You Can Lie Down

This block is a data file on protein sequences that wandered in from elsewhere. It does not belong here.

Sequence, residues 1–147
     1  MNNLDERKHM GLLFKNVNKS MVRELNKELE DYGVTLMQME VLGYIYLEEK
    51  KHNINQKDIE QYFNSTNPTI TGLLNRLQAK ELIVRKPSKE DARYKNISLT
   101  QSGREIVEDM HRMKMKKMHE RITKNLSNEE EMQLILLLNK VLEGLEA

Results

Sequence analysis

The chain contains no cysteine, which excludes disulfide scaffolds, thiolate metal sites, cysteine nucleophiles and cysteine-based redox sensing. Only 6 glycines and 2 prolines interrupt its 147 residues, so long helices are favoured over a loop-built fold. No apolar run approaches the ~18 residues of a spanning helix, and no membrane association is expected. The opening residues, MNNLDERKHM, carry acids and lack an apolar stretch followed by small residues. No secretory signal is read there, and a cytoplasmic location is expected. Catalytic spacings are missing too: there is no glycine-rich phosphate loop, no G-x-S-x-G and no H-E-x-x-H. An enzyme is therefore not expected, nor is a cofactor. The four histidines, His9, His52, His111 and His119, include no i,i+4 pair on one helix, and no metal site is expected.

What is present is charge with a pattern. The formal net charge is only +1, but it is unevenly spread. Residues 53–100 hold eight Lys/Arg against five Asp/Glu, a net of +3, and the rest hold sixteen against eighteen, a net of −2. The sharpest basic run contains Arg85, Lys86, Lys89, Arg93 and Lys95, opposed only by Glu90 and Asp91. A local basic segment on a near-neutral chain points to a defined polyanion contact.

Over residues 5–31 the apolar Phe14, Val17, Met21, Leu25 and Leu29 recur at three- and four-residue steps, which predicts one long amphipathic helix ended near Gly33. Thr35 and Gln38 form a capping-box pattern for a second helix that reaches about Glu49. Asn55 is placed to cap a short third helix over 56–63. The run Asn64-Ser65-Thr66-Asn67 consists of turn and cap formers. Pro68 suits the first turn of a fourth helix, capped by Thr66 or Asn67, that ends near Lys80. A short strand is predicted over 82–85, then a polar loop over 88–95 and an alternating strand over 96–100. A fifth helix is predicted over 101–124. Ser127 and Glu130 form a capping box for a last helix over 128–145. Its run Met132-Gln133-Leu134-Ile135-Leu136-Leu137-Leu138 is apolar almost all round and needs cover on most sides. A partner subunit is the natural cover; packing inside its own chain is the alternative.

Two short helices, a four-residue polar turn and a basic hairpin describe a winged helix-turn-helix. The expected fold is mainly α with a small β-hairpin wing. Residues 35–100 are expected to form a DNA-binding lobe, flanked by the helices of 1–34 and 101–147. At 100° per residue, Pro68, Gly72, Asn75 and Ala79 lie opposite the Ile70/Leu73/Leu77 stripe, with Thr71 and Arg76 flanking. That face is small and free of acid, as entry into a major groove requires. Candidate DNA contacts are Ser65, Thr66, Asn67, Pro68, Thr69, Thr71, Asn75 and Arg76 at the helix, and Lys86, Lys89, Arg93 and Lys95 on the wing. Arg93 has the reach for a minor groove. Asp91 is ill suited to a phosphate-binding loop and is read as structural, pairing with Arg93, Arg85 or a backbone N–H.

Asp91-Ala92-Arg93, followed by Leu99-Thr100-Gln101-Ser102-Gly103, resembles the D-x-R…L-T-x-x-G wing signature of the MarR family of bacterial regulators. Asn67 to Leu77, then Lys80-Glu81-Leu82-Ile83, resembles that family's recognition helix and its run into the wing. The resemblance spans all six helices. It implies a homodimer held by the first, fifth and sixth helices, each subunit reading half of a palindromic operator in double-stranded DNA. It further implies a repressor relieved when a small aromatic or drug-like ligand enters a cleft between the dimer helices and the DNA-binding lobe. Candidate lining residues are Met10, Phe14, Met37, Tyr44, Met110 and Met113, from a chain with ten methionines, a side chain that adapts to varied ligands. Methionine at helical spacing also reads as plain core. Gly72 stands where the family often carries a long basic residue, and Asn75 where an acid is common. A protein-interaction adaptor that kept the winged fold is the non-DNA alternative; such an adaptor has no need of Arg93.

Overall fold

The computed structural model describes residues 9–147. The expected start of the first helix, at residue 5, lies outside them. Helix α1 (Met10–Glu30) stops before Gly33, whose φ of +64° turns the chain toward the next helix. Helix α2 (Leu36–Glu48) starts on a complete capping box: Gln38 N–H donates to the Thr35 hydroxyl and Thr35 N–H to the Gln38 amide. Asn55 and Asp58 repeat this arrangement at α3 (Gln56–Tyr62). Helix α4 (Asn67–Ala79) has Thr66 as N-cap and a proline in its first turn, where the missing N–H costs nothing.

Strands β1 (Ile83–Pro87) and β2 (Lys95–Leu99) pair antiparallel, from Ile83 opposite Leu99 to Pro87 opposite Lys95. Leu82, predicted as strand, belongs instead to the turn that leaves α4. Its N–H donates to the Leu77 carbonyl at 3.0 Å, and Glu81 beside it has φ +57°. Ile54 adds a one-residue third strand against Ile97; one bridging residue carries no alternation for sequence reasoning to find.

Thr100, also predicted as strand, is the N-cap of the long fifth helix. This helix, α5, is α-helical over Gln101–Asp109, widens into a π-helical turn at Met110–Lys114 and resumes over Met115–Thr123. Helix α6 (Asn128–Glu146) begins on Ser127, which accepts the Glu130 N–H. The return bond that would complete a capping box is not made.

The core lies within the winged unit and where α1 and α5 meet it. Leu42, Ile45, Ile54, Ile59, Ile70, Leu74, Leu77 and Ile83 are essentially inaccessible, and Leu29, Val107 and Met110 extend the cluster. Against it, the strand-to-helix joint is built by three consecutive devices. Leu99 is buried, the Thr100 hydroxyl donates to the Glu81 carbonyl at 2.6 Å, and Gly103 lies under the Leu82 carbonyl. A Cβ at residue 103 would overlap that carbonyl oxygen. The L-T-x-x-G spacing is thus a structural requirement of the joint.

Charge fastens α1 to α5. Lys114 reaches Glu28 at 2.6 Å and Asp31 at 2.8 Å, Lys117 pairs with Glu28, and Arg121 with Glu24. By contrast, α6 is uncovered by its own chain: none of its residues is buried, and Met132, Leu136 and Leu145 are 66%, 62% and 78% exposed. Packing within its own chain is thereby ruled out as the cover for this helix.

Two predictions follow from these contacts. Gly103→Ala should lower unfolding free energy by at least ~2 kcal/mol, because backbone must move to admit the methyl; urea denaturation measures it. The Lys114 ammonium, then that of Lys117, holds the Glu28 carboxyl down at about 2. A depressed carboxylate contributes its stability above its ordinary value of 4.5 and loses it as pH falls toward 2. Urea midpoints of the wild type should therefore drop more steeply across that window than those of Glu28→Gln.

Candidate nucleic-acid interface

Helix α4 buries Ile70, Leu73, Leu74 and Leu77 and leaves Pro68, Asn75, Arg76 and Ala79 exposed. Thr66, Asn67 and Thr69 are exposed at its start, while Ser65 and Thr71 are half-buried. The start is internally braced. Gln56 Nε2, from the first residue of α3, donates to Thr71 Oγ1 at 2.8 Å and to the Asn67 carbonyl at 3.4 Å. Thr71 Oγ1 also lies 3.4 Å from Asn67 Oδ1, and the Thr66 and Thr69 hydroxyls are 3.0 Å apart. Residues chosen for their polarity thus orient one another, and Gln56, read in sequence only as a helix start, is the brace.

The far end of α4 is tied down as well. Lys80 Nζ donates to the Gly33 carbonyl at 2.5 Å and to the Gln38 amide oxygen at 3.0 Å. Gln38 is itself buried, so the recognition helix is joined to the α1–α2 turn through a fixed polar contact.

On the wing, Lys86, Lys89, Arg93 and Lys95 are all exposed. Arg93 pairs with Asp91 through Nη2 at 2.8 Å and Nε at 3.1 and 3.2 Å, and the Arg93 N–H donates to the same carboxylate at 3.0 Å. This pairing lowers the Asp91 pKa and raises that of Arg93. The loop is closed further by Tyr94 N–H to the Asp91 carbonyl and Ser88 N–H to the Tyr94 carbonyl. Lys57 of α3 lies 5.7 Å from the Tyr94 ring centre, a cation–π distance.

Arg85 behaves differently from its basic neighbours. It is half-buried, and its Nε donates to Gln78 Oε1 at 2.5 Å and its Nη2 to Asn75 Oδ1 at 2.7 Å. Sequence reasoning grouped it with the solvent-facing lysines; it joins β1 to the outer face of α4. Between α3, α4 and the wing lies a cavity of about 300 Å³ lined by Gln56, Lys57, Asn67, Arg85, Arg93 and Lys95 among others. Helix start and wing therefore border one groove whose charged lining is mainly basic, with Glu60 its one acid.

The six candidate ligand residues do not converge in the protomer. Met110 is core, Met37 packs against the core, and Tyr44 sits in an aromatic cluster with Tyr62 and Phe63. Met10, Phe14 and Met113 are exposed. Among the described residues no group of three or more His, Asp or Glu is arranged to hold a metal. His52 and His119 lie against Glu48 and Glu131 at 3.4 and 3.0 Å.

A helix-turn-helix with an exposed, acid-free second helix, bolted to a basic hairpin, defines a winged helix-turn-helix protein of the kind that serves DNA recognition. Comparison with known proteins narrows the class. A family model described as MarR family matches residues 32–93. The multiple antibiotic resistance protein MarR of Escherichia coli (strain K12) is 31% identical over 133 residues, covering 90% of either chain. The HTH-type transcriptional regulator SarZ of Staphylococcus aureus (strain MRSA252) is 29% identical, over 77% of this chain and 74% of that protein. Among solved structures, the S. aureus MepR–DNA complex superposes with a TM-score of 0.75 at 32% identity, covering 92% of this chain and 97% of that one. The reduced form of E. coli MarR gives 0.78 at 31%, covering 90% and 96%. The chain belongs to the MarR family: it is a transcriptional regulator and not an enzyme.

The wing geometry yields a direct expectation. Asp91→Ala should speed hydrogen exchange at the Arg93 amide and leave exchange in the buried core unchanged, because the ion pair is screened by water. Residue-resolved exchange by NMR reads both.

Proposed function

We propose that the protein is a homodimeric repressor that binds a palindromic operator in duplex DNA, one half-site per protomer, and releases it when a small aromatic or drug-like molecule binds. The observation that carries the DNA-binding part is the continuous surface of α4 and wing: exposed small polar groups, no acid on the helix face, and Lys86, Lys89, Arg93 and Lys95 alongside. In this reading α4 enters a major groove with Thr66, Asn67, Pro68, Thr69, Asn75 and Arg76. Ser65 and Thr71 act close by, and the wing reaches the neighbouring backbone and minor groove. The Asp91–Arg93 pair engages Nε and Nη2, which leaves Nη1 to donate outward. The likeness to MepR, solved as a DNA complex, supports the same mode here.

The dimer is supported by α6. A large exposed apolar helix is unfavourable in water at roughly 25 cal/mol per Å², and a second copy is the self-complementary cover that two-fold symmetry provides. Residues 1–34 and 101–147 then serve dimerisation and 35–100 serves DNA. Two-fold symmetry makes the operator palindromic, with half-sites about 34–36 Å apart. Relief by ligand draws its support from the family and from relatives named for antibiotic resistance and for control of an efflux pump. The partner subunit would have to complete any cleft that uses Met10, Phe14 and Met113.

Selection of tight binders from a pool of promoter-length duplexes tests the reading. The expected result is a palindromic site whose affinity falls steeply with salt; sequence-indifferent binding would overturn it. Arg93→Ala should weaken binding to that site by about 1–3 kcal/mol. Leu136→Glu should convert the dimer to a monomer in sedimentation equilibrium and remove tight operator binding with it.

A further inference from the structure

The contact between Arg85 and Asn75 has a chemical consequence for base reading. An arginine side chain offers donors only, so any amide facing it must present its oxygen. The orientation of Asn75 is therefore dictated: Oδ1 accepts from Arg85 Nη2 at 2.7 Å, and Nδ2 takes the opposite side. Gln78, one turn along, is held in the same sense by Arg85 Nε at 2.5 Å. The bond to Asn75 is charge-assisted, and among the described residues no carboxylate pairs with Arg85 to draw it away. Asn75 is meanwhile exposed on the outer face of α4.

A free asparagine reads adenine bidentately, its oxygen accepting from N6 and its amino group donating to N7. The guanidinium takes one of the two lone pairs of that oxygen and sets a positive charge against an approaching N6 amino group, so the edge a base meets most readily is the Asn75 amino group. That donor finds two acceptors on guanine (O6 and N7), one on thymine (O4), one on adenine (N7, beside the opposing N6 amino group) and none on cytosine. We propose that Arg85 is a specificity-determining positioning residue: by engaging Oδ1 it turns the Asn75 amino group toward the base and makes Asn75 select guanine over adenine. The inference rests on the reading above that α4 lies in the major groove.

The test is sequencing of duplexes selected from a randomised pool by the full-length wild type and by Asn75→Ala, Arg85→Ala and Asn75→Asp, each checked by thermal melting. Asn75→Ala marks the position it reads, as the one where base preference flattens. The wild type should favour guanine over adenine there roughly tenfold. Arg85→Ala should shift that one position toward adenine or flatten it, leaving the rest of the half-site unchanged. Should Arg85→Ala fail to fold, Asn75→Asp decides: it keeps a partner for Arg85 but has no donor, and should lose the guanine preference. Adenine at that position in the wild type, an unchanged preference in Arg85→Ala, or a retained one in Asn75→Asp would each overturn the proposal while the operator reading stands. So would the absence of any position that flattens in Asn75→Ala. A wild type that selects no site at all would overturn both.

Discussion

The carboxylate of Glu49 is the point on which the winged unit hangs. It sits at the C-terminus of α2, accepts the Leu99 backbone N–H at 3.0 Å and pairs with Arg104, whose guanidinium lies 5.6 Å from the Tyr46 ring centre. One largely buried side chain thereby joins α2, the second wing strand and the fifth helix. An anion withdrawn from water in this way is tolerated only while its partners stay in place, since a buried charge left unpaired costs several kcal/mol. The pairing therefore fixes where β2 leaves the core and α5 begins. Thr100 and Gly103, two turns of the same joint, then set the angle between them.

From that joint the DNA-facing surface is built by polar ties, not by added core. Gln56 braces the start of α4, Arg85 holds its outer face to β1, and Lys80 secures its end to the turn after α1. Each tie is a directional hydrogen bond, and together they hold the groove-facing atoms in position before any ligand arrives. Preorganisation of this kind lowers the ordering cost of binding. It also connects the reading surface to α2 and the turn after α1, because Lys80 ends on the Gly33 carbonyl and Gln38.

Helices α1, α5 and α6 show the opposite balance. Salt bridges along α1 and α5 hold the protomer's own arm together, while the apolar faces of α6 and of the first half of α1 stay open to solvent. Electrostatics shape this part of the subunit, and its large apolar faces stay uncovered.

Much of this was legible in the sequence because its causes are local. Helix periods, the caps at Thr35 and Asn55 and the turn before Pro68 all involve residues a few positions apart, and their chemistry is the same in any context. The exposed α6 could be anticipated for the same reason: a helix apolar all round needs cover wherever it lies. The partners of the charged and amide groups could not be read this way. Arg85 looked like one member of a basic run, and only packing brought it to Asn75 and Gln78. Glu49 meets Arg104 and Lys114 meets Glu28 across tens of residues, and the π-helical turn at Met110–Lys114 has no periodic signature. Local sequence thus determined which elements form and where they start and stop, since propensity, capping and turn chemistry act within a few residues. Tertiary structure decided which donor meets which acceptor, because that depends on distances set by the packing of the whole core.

You can't twist yourself into curtains anymore and feel the house disappear, the itchy fabric against your mouth and ears as you slowly breathe in, breathe out, in that fuzzy, muffled cocoon: the kitchen with the sticky table and sink full of unwashed plates, the living room cushioned and dark like the inside of a coffin, the stairs worn out in the middle from the going up and down, up and down, day after day, and the too-quiet landing with the fluttering sound of soft breaths coming from behind the closed door of the bedroom that isn't yours, the bathroom with the cracked sink and the bath that's white but sounds like it's made of metal. You have to walk now, and you do. You step out the front door, knowing that no one will even know you're gone, you and your memory of turning into the curtains. You walk away and leave that nest of houses behind, a dull-enough looking nest but with a cardboard box-like flatness that suggests something terrible hidden beneath a flap, something that makes a noise you can't really hear but is always there. You can put on your headphones, some do, let the bass grind your insides out. But keep going and you know you'll reach that place where the sun spills on the field in a gold light and then you don't even need music anymore. You lay yourself down in that field of gold and even though there's the trail you made coming right up from the house, it's gone, and you see just the ears of the grass waving about it in the breeze and the sky miles up seeming so close you're breathing it in, you're full of all that space and air, it's part of you, the sun like the skin of the girl you'll never meet in real life on your own ordinary, real skin.